An article in UK online newspaper The Independent has the following headline:

Alcohol can help foreign language skills

The article reports:

Dr Inge Kersbergen, from the University of Liverpool's Institute of Psychology, Health and Society, who was involved in the study, said: “Our study shows that acute alcohol consumption may have beneficial effects on the pronunciation of a foreign language in people who recently learned that language.

“This provides some support for the lay belief (among bilingual speakers) that a low dose of alcohol can improve their ability to speak a second language.”

Is this credible and is it consistent with other work on the effects of alcohol?

  • 2
    If you ask the drunk person, they'll respond in the affirmative! – PoloHoleSet Nov 13 '17 at 21:53
  • No, but excessive alcohol can make you think you're being understood... or that people want to talk to you in any language. – tj1000 Nov 18 '17 at 23:12

This is a line of inquiry that gets much interest from participants, like students, and very little funding.

The newspaper article is based on this paper:

Dutch courage? Effects of acute alcohol consumption on self-ratings and observer ratings of foreign language skills.
Conclusions: Acute alcohol consumption may have beneficial effects on the pronunciation of a foreign language in people who have recently learned that language.

and as such the newspaper is accurate.

This is only moderately surprising, since the effects of alcohol are not always in a linear dose-response pattern. Regarding speech effects alone, there are some prior studies going into the same direction:

The effect of alcohol on speech production:
The present study investigates the effect of acute alcohol consumption on speech in Hungarian subjects. The measures used to reveal these effects were tongue-twisters, which were grouped according to their linguistic features. The number and type of speech errors while uttering the tongue-twisters were compared between intoxicated and sober conditions. The results showed that subjects made more speech errors in alcohol influenced than in sober states in all types of the tongue-twisters except for those using foreign words. Changes in the articulation rate, number of pauses and fundamental frequency were investigated as well. In the intoxicated state, no changes were observed in fundamental frequency and articulation rate, while the number of pauses increased.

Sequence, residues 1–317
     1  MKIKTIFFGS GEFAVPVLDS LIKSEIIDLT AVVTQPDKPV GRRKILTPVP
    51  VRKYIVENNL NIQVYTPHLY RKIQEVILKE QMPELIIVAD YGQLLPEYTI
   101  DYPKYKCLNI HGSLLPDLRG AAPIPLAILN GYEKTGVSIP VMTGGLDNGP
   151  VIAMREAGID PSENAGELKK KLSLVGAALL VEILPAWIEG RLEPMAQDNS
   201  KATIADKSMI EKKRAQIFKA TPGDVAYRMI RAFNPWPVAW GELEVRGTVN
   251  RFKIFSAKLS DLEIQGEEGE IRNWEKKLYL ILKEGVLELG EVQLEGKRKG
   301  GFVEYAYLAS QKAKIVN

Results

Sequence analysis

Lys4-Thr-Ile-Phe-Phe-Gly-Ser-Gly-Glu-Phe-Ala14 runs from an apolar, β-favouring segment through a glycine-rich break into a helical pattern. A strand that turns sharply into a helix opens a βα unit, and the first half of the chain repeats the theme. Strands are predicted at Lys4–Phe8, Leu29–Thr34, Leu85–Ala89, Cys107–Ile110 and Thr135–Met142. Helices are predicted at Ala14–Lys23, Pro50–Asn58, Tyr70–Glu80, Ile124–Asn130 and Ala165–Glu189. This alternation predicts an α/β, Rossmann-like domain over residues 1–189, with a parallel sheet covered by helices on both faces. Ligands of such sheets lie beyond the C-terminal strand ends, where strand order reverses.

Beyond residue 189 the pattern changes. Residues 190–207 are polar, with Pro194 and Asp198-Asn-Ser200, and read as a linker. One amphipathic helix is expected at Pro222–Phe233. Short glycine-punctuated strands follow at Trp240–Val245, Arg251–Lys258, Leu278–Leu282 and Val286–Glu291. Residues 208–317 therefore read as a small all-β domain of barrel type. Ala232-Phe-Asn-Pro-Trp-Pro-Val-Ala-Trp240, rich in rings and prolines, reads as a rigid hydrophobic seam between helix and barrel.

One possible explanation is of course that that low doses of alcohol loosen the tongue in general and make it easier for foreign language learners to shed their inhibitions resulting from worries about correct pronunciation – or put simply: to stop overthinking it.

This theoretical model led to Guiora’s most convincing experiment (Guiora et al. 1972b) which involved assessing subjects’ pronunciation of a second language after the ingestion of small amounts of alcohol. Guiora views the lowering of inhibitions via alcohol as a means of “operationally inducing a state of greater permeability of ego boundaries or the ability to partially and temporarily give up one’s separateness of identity’’ (Guiora et al. 1972b:427). [From: Affective factors and the problem of age in second language acquisition (1975) – has several studies more, quote chosen only for psycho-analytical language.]

These research findings continue to pile up:

A large body of previous research has shown that affective variables, including anxiety, attitudes, and motivation, influence language achievement (Gardner, 1985; Gardner & MacIntyre, 1992, 1993a; Skehan, 1989, 1991; Spolsky, 1989). Some of the strongest correlations between affective variables and achievement measures involve anxiety.

Less psychology, however, is involved when looking directly at the processing of words in the brain on a neurological level. There seems to be a certain selectivity for alcohol's effects:

Differential effects of alcohol on the cortical processing of foreign and native language:
On the basis of these results, together with animal data about selective influence of alcohol on the 'younger' functional neuronal systems, it is suggested that in the present experiment alcohol suppressed to a greater degree those neuron populations which subserve the use of English language acquired relatively late in individual development.


It's accurate, credible and in line with much of the work done in this field.
Only one caveat in regard to the phrasing of the question and the parts cited: this is only objectively true for low doses of alcohol. With high doses of alcohol the objectively improved performance starts to diminish, only the subjective improvement remains – for a while.

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